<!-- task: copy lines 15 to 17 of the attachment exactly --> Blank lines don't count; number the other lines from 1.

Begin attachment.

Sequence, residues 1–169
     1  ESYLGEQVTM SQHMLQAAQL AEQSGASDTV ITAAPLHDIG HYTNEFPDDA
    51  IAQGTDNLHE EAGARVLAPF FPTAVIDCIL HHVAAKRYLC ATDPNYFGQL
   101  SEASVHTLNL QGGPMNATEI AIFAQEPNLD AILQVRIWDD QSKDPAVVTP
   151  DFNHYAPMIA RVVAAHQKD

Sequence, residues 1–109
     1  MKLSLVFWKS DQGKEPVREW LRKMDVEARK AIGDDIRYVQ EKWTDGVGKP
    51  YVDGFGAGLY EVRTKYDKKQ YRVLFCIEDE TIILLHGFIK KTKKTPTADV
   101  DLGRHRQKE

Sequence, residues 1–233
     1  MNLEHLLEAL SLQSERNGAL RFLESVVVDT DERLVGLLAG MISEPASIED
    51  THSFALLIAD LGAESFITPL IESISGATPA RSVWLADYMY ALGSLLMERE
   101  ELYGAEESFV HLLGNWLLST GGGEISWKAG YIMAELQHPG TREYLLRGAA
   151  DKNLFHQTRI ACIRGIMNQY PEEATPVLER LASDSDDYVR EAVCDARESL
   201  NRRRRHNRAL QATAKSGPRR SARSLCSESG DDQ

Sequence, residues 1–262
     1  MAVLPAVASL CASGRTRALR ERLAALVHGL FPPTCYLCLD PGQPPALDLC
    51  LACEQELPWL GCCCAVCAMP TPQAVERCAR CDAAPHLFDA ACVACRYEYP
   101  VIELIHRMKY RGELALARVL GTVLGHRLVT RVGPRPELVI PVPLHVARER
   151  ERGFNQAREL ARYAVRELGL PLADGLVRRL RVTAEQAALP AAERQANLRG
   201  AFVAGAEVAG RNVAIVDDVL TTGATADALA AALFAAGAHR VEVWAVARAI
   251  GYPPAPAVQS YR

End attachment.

   201  NRRRRHNRAL QATAKSGPRR SARSLCSESG DDQ

Sequence, residues 1–262
     1  MAVLPAVASL CASGRTRALR ERLAALVHGL FPPTCYLCLD PGQPPALDLC